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Wednesday, August 4, 2010

Why Must Someone Die Before God Can Forgive?

Hebrews 9:22 says: "without the shedding of blood there is no forgiveness." Forgiveness cannot come unless some living being dies. In the Old Covenant, of course, it was an animal that was sacrificed but in the New Covenant, it is the very Son of God. The author of Hebrews makes the connection:
In fact, the law requires that nearly everything be cleansed with blood, and without the shedding of blood there is no forgiveness. It was necessary, then, for the copies of the heavenly things to be purified with these sacrifices, but the heavenly things themselves with better sacrifices than these. For Christ did not enter a man-made sanctuary that was only a copy of the true one; he entered heaven itself, now to appear for us in God's presence. Nor did he enter heaven to offer himself again and again, the way the high priest enters the Most Holy Place every year with blood that is not his own. Then Christ would have had to suffer many times since the creation of the world. But now he has appeared once for all at the end of the ages to do away with sin by the sacrifice of himself (9:22-26, NIV).

Why does God insist on "redemptive violence"? Brown and Parker write:

The central image of Christ on the cross as the savior of the world communicates the message that suffering is redemptive. […] The message is complicated further by the theology that says Christ suffered in obedience to his Father’s will. Divine child abuse is paraded as salvific and the child who suffers “without even raising a voice” is lauded as the hope of the world (Joanne Carlson Brown and Rebecca Parker, "For God So Loved the World?", in Christianity, Patriarchy, and Abuse, p. 2).

What is it about suffering and death that erases sin in God's mind? It seems barbaric and sadistic. Primitive religions all over the world offered (and some still do) blood sacrifices to appease the wrath of their god(s). It seems that man felt that in order to win the favor of his god(s), he needed to offer something of value to the god(s). What is more valuable than a life? Blood was thought to be the life principle in the body and thus when it was shed, the life was poured out. Leviticus 17:11 states: For the life of a creature is in the blood, and I have given it to you to make atonement for yourselves on the altar; it is the blood that makes atonement for one's life.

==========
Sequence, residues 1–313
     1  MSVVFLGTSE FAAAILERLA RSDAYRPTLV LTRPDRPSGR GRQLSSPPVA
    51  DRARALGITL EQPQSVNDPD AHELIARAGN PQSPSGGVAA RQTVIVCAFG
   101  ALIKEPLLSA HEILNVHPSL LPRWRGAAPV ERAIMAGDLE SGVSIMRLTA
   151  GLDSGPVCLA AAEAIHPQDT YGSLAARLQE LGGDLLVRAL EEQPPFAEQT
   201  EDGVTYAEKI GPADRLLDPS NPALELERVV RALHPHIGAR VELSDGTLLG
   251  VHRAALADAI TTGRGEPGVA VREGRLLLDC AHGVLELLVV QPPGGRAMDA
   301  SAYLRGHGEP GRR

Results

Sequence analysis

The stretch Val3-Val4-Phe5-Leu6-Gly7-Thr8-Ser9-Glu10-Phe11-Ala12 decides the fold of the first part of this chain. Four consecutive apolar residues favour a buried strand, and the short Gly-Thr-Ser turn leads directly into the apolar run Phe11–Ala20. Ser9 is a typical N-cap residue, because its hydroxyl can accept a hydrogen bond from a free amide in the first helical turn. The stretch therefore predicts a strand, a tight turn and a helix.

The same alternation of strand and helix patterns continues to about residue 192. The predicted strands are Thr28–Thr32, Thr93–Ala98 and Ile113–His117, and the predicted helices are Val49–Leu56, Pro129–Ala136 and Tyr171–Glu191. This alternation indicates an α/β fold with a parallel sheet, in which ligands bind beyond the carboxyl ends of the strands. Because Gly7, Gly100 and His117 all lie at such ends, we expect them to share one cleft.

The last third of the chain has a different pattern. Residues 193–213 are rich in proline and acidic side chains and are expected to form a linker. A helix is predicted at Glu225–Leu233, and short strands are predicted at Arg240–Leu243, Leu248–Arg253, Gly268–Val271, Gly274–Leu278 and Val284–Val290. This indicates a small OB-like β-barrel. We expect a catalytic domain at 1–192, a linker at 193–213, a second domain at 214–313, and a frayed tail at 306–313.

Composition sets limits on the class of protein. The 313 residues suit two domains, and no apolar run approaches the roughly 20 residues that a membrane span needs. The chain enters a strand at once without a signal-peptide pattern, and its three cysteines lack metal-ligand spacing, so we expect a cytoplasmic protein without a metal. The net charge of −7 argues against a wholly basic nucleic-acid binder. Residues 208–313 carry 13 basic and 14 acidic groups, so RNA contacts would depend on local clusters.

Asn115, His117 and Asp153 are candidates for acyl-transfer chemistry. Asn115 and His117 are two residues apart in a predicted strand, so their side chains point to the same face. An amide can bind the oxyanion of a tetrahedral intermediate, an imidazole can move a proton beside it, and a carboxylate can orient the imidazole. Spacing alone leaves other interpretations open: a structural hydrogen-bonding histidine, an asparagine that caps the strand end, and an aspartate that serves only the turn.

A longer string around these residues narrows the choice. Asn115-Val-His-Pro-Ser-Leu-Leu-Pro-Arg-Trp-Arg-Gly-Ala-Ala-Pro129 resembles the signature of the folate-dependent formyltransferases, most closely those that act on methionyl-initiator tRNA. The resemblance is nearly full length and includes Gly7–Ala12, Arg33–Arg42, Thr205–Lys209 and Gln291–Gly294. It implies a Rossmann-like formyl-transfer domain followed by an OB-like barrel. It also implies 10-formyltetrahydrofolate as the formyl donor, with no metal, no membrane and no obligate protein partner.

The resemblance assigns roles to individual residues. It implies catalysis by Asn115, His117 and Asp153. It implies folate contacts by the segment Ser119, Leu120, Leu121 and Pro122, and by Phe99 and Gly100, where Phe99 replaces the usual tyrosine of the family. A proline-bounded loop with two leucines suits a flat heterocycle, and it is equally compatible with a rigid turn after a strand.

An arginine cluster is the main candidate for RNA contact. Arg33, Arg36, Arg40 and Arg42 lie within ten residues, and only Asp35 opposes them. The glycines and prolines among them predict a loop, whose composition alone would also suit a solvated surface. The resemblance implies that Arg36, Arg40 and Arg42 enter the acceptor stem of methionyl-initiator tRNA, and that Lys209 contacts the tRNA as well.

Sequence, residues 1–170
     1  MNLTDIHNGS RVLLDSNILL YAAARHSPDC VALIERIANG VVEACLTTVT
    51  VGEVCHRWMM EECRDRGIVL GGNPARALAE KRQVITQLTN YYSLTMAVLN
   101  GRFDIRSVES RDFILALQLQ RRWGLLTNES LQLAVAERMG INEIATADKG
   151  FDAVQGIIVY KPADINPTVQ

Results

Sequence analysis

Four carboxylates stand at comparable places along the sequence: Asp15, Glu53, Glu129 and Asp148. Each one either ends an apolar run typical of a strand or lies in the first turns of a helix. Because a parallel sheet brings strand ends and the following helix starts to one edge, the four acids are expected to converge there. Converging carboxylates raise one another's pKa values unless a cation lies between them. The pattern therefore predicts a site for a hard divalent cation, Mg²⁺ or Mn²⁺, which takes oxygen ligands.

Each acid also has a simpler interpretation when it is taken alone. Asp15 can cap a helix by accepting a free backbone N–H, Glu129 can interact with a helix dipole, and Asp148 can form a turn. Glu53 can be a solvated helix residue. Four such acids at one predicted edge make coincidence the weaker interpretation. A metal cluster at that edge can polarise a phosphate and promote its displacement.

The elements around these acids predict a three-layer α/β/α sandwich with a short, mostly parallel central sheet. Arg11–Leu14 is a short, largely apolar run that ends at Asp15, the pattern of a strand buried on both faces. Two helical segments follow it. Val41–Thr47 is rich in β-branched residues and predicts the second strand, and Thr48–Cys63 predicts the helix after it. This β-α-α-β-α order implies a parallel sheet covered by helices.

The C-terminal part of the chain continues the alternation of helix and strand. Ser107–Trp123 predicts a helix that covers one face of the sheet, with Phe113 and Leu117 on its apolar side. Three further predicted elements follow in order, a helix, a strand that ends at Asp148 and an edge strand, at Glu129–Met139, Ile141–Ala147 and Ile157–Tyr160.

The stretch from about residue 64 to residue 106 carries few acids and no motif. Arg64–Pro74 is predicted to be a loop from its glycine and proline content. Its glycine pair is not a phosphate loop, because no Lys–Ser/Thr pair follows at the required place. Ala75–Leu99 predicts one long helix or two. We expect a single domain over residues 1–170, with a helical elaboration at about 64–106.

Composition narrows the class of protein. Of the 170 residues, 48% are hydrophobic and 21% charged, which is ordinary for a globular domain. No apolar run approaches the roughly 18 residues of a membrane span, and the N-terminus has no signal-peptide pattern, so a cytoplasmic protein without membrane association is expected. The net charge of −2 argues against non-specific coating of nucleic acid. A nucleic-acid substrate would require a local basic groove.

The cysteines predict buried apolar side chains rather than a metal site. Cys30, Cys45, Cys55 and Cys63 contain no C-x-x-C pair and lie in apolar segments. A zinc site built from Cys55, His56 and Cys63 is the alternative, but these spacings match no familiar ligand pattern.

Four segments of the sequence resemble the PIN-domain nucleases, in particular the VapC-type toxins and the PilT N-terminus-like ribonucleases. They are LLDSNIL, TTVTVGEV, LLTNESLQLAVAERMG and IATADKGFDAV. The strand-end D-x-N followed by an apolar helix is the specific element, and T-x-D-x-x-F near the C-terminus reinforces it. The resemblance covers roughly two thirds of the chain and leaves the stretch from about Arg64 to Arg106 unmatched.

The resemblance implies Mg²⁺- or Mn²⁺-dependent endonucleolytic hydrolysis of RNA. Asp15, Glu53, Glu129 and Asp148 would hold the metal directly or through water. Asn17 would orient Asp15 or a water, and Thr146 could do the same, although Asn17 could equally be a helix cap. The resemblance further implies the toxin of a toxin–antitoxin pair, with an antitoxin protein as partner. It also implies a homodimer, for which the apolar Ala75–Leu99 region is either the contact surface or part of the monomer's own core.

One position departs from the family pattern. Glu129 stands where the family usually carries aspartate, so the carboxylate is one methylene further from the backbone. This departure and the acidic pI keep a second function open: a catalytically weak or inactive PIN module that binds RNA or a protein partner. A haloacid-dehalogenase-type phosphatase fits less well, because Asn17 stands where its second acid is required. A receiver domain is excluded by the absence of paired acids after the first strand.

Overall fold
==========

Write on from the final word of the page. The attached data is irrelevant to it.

Commenting on this passage, Erhard Gerstenberger writes:

This blood gift to Yahweh actually cannot be illuminated logically, for prehistoric notions of faith are resonating in this rite. As is the case among other peoples, blood is considered to be a magical substance efficacious in and of itself. Hence with blood one can expurgate the powers of death and eliminate the stain of sin (cf. Ex. 4:25; 12:17ff., 22f.).

...Blood is thus the preeminent substance of life. This life force can redeem a life given over to death, and for that reason can also eliminate defilement and reestablish sundered fellowship. Both the author of the sacrifical laws and their audience seem to have taken as their point of departure the legal principle "a life for a life" (Ex. 21:23; Lev. 24:18-20), and to have appropriated without excessive reflection these ancient magical notions concerning the efficacy of blood. Subsequent Jewish and especially Christian theology then developed a broad atonement faith perspective associated with blood symbolism
[e.g., 1 John 1:7--"the blood of Jesus Christ cleanses from all sin"] (Leviticus: A Commentary, pp. 59-60).

All of this blood and gore is repulsive and offensive to modern man. As Frank James states:
And there is, indeed, an outrageous aspect to the atonement because it revolves around such disquieting concepts as death, blood sacrifice, guilt, sin, wrath and propitiation. With such notions in view, the thoughtful Christian might ask: Why must God employ such distasteful means to effect salvation? (The Glory of the Atonement, pp. 15-16.)

In addition, the atonement perpetuates the idea that violence can accomplish good. Religion and violence have been joined at the hip since the beginning (see Hector Avalos, Fighting Words: Origins of Religious Violence)and it continues today.

If someone wishes to retain belief in Christianity and yet deny there is redemptive violence, then one is in for a difficult task. As Hans Boersma writes:
Only by radically limiting Christ’s redemptive role to his life (so that his life becomes an example to us) or by absolutely dissociating God from any role in the cross (turning the crucifixion into a solely human act) can we somehow avoid dealing with the difficulty of divine violence (Violence, Hospitality, and the Cross, p. 41).